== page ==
The Equal Rights Amendment just moved closer to final passage after the Illinois Legislature ratified the measure Wednesday, becoming the 37th state in the nation to do so.

Now only one final state is needed to reach the three-fourths threshold for ratification into the U.S. Constitution. Most likely to succeed may be North Carolina, whose legislative session ends in June.

The ERA has been a 100-year battle similar to the struggle for the right of women to vote. It's an issue of power and power doesn't give itself up. But the #MeToo and #TimesUp movements underscored how patriarchy is affirmative action for men and that discrimination on the basis of sex will no longer be tolerated.

A major paradigm has shifted. Now it's time for Minnesota to join with 24 other states in passing a state ERA into our Minnesota Constitution.

The ERA guarantees equal legal rights for all American citizens regardless of sex. It would provide a legal remedy against sex discrimination for women and men and send a strong pre-emptive message that the Constitution has zero tolerance for sex discrimination.

The ERA is intersectional, providing legal safeguards for all regardless of race, sexual orientation or creed.

And the ERA is bipartisan, as evidenced over the last three weeks in Illinois.

Far-right hate groups continue to invent scare tactics to thwart progress toward equality, yet 24 states have already passed ERAs into their state constitutions. Most state ERAs have been around for 40 years. The oldest, in California, has been around for 139 years. Illinois has had a state ERA for 50 years and nothing apocalyptic has happened.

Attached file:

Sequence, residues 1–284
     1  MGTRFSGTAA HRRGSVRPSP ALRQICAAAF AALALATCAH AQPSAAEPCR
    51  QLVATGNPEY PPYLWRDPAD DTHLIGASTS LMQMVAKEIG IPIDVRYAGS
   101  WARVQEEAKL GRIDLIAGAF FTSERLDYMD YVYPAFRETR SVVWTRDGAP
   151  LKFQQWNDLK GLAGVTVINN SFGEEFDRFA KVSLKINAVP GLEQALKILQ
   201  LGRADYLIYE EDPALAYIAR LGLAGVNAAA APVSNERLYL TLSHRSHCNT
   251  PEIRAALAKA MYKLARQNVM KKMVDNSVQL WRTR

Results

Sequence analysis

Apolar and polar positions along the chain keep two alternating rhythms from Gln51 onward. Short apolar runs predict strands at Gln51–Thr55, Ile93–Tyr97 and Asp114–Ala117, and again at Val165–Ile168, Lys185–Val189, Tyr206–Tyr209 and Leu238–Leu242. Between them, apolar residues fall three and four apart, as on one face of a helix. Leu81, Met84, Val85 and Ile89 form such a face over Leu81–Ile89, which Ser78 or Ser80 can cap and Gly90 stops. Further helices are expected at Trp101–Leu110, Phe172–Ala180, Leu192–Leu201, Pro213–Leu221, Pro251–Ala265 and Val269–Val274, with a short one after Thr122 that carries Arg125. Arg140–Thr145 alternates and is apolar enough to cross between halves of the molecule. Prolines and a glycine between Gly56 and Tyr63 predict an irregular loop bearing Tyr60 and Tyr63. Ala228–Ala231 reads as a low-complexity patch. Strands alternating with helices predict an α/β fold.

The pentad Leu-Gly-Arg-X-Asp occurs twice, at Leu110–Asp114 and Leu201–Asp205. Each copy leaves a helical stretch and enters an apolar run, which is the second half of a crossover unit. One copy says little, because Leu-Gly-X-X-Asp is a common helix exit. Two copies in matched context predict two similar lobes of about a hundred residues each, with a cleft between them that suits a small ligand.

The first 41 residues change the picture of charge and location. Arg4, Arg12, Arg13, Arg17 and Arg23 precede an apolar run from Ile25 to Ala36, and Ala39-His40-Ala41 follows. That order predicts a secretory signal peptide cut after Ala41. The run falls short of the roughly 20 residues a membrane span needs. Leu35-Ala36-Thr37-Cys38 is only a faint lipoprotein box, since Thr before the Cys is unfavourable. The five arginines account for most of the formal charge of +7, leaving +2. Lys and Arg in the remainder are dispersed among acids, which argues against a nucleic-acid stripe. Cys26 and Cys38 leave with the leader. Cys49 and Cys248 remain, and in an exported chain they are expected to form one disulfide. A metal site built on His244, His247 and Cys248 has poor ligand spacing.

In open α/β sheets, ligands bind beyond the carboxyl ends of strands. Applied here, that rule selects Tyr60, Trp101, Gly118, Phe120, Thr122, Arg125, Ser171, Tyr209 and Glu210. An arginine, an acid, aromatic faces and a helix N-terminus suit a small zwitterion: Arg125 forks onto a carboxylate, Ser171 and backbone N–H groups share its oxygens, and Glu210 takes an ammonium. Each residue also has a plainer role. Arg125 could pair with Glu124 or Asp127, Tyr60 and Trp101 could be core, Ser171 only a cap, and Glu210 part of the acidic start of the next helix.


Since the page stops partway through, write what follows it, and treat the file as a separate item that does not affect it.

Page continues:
For those who would argue that there are already laws for this sort of thing, take note: A law is not a constitutional guarantee. It can be changed or overturned.

Stereotypes about women formed the basis for limiting our role in society. A look to our court system finds examples of these stereotypes. In New Mexico in 1914, a court noted that in the old common law, "women were incapable mentally of exercising judgment and discretion and were classed with children, lunatics, idiots, and aliens."

Similar stereotypes had to be overcome to win a woman's right to vote, to serve as jurors, to own property, to inherit equally, to serve in public office and to own our own credit cards. An ERA added to the Constitution would prohibit laws and policies based on historical stereotypes.

The ERA neither denies — nor purports to ignore — that there are physical differences between men and women. And there is no funding requirement. It simply prevents discrimination on the basis of sex. We're equal, not the same.

Unfortunately, we still have to contend with "originalist" interpretations in our court system. Originalists on the bench interpret the Constitution as it was understood at the time it was written. Some examples of originalists are Supreme Court Justice Neil Gorsuch and the late Justice Antonin Scalia. In 2011, Justice Scalia commented: "Certainly the Constitution does not require discrimination on the basis of sex. The only issue is whether it prohibits it. It doesn't."

When the ERA is in the U.S. Constitution, we will not have to rely on the 14th Amendment or interpretations of its original intent from the year 1868.

As the abolitionist and early member of the suffrage movement Sarah Grimke famously said, "I ask no favor for my sex. All I ask of our brethren is that they take their feet off our necks."

Thank you, Illinois. You just moved the dial a whole lot closer toward legal equality.

Betty Folliard is a former DFL member of the Minnesota House and founder of ERA Minnesota.